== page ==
Some principals are warning of a new wave of inequality after the Government announced plans to scrap school donations for some schools - but not all.

The 2019 Budget included more than $75 million a year to pay $150 per child to schools in deciles 1 to 7 if they agreed not to ask families for donations.

However, this does not apply to schools categorised as being in some of the richest neighbourhoods.

One principal from a decile 9 school in Rotorua told the Herald the change meant they would be missing out on almost $80,000 when they were already struggling to pay their electricity bills.

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Lynmore School principal Lorraine Taylor said the Government should have reviewed its decile system before making this announcement.

"The only reason we are classed as decile 9 is because of the relatively expensive properties around us, but that doesn't mean we don't have kids from disadvantaged families who can't pay that donation."

Taylor said the primary school asks parents for a donation of $100 for the first child and $75 for siblings which is well below the Government's $150 per pupil.

Of the 650 kids enrolled at the school, only 200 had parents who had paid the donation.

Under the Government scheme they would receive about $97,500 compared to roughly $20,000 which they currently receive in donations.

"It's devastating news because it will mean parents will take their kids elsewhere if they know they don't need to pay at schools a couple of deciles lower."

Lynmore School was the only primary school in Rotorua missing out on this funding, she said.

"This is extremely disappointing because there is a big difference between a decile 9 school in Rotorua compared to a decile 10 school in Auckland."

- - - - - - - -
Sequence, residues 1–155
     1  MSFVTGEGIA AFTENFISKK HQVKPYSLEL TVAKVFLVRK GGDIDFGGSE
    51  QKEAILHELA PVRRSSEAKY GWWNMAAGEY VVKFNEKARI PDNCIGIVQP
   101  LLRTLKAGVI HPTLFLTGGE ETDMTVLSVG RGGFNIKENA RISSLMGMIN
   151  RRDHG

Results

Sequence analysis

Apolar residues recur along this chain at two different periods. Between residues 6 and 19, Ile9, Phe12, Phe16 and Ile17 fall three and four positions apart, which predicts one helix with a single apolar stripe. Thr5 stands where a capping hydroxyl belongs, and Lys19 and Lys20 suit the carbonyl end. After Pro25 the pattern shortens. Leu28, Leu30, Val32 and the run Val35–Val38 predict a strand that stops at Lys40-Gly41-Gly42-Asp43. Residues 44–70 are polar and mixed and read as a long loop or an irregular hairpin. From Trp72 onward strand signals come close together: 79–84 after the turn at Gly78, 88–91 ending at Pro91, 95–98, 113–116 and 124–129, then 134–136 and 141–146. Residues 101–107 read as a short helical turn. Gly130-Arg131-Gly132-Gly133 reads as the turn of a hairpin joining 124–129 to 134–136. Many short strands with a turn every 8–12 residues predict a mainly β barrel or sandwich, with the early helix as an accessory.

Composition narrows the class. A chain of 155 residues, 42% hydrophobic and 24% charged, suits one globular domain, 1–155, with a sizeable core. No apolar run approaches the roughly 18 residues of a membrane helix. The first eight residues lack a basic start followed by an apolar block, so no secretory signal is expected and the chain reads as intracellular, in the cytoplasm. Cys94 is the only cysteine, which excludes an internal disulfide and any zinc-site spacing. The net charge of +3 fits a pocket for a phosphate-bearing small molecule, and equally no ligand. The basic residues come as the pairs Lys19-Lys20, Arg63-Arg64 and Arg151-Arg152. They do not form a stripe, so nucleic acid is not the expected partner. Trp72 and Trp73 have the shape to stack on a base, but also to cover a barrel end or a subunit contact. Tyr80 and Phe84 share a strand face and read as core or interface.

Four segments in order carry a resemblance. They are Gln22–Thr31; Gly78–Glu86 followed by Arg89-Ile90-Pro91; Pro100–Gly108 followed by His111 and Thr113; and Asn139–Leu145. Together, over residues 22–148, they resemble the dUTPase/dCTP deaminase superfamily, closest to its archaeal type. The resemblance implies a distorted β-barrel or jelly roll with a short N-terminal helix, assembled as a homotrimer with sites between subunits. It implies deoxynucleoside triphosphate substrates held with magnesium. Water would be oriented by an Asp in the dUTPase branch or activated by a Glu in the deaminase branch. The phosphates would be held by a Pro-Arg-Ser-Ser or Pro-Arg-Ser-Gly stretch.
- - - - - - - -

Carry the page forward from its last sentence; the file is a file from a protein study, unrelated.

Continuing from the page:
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Tauranga's Oropi School principal Andrew King echoed Taylor's comments saying it was creating a new inequality within New Zealand public schools.

Tauranga's Oropi School principal Andrew King says his students are missing out. Photo / Supplied
Tauranga's Oropi School principal Andrew King says his students are missing out. Photo / Supplied

"It's assuming families who enrol in our school have no socio-economic disadvantages and that is simply not true."

Being a rural school came with many extra costs, King said, including mileage and paying a fortune for water treatment.

In the past eight years his school roll had jumped from 120 to 330 students, he said.

"This has meant a lot of extra costs for added infrastructure."

The school asked parents for $85 per student, King said, and about 60 per cent were able to pay that.

Tauranga's Oropi School is a decile 9 school categorised as being in one of the richest neighbourhoods. Photo / Supplied
Tauranga's Oropi School is a decile 9 school categorised as being in one of the richest neighbourhoods. Photo / Supplied

National's education spokeswoman Nikki Kaye has slammed Labour for "scaling back on another promise" saying there were many holes in the school donations policy.

"While school donations are currently voluntary in New Zealand, Labour promised all schools would be incentivised to end school donations.

"We know there are a lot of parents who thought this would mean no donations, but actually the $150 payment will see a number of schools still choosing to ask for donations."

There were a number of upset schools who were tens of thousands of dollars out of pocket, Kaye said.

"The reality is there are many disadvantaged families in schools in decile 7, 8 and 9."

Kaye said National had proposed scrapping the decile system due to huge inequities and discrimination.

"Labour has stalled this proposal, and now you have some schools in higher deciles who are being hit twice, with inequity from the stalled policy and being excluded from the donation payments."

In a statement to the Herald, Education Minister Chris Hipkins said work was underway with to develop an equity index to replace the decile system, with a view to it being tested and available to be implemented from 2021 or 2022.

"This Budget gives schools a 1.8 per cent increase in their ops [operational] grant which, combined with the funding for the donations replacement scheme, makes it the biggest increase in ops grant funding in a decade," he said.

"We will monitor the donations replacement scheme once implemented, and consider extending it once it is up and running."

Hipkins said it was "concerning to hear of a school struggling to pay an electric bill", and asked the school's Board of Trustees to contact the Ministry of Education.

He also noted that state-integrated schools are eligible to opt into the donations replacement scheme.